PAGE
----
From: Keith Henson (email@example.com)
Date: Thu Mar 24 2005 - 17:49:41 MST
At 08:55 AM 24/03/05 -0800, p3 wrote:
>I don't think I'd take oblivion for any purpose, even
>to save ten other people. Although I'd really love to
>be that philosophical, I just can't pay my life for
>ideals like utilitarianism.
For ten random other people, that's the correct evolved response.
However, would you die to save ten of your kids? (Or a mix of 10 kids and
The answer is much more likely to be yes.
>However, the question of oblivion to save every other
>human is different... since living without a single
>other person would mean death anyway (I don't think I
>alone could engender the apotheosis), it's really just
>a question concerning whether or not I really want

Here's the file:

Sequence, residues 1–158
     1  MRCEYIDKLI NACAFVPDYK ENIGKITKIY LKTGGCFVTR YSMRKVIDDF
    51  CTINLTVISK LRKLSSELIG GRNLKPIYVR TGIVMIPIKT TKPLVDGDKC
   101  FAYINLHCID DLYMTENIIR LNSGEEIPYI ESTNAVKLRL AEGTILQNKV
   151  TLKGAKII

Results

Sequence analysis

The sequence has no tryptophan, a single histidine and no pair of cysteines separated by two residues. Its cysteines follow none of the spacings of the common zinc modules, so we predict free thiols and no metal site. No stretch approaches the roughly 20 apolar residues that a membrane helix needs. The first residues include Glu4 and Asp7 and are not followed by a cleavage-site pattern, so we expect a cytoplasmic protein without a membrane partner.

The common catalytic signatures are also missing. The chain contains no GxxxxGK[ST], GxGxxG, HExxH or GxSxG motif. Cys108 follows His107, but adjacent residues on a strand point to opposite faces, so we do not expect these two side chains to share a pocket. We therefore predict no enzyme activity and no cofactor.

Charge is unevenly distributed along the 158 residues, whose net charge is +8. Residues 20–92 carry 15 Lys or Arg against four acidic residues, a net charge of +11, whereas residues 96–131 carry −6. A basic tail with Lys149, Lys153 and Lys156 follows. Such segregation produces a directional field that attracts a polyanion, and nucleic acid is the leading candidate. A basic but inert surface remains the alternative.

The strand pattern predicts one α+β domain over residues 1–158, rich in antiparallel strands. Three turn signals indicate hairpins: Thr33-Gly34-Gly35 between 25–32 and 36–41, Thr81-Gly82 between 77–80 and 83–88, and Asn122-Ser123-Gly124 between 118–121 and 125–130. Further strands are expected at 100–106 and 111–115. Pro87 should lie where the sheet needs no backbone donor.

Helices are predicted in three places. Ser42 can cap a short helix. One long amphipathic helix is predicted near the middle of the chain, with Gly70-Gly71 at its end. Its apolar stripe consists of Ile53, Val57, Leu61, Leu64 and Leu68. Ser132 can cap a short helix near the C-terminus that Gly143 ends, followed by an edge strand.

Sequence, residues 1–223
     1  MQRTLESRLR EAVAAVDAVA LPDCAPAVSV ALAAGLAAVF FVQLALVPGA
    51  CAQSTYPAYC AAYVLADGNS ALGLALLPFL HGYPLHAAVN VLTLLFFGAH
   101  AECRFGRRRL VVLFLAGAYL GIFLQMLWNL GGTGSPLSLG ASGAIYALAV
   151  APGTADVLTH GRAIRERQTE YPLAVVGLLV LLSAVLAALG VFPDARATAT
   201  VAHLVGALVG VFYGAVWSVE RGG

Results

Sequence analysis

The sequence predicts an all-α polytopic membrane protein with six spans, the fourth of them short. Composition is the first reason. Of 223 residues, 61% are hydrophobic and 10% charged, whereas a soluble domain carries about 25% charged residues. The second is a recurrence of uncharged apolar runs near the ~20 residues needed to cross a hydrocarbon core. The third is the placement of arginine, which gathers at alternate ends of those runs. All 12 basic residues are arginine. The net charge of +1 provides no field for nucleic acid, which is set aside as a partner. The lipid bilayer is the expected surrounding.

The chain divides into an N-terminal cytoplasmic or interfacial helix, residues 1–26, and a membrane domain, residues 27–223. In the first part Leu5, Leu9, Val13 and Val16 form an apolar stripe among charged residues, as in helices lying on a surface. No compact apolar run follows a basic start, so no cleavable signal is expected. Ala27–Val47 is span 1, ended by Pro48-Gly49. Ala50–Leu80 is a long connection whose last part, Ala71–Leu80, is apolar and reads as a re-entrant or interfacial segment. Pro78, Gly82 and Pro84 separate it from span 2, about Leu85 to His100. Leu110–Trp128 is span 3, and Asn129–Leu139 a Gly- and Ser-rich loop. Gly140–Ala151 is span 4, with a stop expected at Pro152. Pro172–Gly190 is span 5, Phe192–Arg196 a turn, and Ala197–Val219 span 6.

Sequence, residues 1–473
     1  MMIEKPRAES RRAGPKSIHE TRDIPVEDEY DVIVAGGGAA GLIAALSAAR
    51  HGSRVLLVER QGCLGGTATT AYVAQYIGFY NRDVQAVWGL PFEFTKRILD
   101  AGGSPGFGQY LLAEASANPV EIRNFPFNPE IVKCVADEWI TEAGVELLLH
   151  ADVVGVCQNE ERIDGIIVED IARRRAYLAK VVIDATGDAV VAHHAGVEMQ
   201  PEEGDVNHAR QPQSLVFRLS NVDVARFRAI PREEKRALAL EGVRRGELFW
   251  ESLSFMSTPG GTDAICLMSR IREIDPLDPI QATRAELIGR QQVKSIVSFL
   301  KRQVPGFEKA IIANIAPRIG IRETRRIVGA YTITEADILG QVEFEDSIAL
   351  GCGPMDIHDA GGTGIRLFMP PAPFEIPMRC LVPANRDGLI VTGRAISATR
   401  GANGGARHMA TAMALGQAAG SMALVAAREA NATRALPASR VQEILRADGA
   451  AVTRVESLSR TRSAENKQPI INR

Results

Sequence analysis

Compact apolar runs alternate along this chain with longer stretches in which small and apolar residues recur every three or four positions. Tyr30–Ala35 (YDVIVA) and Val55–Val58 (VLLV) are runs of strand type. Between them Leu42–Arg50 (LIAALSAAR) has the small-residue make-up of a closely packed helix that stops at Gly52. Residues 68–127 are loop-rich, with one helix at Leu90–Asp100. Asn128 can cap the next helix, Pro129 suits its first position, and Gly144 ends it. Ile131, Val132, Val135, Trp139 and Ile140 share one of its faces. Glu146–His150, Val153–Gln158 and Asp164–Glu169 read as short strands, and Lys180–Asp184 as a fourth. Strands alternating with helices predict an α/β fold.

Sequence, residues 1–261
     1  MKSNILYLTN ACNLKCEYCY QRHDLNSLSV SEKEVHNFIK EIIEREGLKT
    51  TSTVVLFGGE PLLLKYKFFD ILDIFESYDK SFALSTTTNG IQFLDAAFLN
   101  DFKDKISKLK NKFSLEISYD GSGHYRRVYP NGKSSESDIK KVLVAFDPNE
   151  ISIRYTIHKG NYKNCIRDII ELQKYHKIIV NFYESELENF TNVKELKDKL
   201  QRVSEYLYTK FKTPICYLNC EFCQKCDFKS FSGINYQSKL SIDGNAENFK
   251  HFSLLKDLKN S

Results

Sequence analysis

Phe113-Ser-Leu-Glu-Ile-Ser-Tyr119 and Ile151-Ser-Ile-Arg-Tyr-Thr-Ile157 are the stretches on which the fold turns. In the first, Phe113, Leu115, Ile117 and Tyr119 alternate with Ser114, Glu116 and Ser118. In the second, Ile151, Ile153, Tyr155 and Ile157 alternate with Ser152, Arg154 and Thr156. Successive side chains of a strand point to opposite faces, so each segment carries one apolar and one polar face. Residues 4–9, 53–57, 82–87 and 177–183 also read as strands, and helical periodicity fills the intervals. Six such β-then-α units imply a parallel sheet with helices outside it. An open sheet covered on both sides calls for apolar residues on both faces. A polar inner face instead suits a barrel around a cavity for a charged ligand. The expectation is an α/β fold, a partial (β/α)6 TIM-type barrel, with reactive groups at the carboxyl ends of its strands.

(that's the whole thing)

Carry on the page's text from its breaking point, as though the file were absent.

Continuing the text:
>those extra forty years... or however long my natural
>body has left.
There are certainly practical reasons for not wanting to be the last human
But then, "every other human" includes your entire family and (from a
genetic viewpoint) that's worth saving even if it costs your life.
An exception might be made if you had no co-lateral relatives at all.
BTW, take this business the way gene selection did, we have traits that
were selected because they *usually* worked better than alternative traits.
So expect exceptions.
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